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Abstract #2062

Why is the Peripheral Zone of the Normal Human Prostate High in ADC Value and T2-Weighted Signal Intensity?

Edward William Johnston1, Colleen Bailey2, Elisenda Bonet-Carne2, Hayley Pye3, Susan Heavey3, Dominic Patel4, Ashwin Sridhar5, Bernard Siow6, Thomy Mertzanidou2, William Devine1, Jagadish Kalasthry1, Joey Clemente1, David Hawkes2, Hayley Whitaker3, Manuel Rodriguez-Justo4, Greg Shaw5, Daniel Alexander2, Alexander Freeman4, Roger Bourne7, Eleftheria Panagiotaki2, and Shonit Punwani1

1Centre for Medical Imaging, University College London, London, United Kingdom, 2Centre for Medical Image Computing, University College London, London, United Kingdom, 3Research Department for Tissue & Energy, University College London, London, United Kingdom, 4Department of Pathology, University College London Hospital, University Street, United Kingdom, 5Department of Urology, University College London Hospital, London, United Kingdom, 6Francis Crick Institute, University College London, London, United Kingdom, 7Discipline of Medical Radiation Sciences, University of Sydney, Sydney, Australia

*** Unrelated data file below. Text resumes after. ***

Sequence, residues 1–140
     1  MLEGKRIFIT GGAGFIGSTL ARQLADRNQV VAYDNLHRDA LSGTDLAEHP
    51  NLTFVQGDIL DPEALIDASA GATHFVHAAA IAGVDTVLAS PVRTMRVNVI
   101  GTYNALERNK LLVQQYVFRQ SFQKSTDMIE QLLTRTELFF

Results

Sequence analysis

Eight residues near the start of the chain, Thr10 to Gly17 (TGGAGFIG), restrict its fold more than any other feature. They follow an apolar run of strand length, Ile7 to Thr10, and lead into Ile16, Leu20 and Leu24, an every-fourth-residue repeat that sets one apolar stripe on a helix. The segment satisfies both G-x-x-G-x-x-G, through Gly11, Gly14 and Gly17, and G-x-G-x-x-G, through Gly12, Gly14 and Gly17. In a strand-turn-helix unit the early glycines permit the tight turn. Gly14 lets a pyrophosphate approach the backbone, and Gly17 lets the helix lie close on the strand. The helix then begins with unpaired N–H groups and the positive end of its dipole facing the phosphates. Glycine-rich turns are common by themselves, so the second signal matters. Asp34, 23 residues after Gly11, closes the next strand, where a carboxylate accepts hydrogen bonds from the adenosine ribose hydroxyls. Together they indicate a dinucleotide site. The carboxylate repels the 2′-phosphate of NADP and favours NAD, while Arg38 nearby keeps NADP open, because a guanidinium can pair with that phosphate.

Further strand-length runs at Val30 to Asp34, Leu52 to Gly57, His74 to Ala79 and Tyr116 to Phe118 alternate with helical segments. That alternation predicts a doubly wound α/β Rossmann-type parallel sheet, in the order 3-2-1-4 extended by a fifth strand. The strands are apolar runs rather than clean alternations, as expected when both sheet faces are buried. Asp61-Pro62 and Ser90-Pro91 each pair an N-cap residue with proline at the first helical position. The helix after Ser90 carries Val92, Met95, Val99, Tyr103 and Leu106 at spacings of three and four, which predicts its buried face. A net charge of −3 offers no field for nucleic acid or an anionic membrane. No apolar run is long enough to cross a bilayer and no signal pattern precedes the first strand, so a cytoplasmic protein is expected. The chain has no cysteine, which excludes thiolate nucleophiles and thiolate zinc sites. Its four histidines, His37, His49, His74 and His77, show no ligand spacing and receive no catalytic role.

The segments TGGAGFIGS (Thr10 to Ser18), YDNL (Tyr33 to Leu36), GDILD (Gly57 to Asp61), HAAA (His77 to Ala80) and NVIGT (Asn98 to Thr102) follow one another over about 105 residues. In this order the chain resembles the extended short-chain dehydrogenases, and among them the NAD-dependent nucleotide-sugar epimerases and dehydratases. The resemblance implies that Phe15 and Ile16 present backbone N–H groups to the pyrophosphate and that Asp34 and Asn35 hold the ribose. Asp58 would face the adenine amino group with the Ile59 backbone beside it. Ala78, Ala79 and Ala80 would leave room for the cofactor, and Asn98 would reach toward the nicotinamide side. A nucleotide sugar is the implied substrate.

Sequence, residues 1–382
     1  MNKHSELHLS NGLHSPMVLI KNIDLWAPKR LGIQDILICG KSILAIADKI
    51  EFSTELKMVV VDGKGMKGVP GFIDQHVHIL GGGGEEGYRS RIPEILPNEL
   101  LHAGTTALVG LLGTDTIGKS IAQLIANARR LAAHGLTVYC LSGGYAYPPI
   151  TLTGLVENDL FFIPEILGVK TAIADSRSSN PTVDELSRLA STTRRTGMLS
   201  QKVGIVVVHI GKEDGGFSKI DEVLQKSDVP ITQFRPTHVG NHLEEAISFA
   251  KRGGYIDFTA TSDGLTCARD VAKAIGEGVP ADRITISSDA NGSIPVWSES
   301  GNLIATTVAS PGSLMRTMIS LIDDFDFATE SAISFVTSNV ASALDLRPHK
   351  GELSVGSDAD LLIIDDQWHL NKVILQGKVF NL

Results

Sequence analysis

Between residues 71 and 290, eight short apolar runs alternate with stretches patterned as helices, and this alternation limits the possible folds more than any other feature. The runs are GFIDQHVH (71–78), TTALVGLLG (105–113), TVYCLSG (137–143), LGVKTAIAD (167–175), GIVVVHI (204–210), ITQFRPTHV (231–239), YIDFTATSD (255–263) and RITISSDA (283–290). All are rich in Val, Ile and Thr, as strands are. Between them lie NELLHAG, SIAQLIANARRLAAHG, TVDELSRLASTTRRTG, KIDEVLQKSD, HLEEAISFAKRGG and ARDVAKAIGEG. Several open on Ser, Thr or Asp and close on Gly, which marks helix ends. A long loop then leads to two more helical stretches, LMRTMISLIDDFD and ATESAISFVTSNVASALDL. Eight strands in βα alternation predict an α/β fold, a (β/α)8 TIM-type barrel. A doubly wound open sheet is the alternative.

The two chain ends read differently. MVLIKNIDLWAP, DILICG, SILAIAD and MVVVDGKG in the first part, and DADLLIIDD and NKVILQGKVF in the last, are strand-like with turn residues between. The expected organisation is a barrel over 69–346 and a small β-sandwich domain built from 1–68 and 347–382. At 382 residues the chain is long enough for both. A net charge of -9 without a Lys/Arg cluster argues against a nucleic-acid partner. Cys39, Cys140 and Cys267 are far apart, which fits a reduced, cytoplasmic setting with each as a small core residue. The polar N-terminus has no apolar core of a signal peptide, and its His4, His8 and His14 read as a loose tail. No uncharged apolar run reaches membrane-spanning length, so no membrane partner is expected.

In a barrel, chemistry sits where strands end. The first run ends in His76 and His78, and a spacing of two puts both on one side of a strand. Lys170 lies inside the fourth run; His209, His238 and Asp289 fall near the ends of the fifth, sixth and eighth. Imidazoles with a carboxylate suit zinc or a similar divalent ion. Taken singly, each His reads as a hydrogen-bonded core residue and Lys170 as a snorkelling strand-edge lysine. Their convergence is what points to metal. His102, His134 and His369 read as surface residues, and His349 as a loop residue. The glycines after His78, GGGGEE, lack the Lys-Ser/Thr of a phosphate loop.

The biophysical basis of MRI signal in the normal human prostate is uncertain, whereby the normal peripheral zone has high ADC values and returns high signal on T2-weighted imaging. In this study, we use MRI in combination with quantitative digital histopathology to offer an explanation. Paired scans were performed at 3T on a human prostate, prior to and following prostatectomy and changes in zonal morphology and MRI characteristics were measured. The peripheral zone collapsed and reduced in T2 signal intensity and ADC value ex-vivo. Digital histopathological analysis suggested the peripheral zone stores more ejaculatory fluid than the transition zone.

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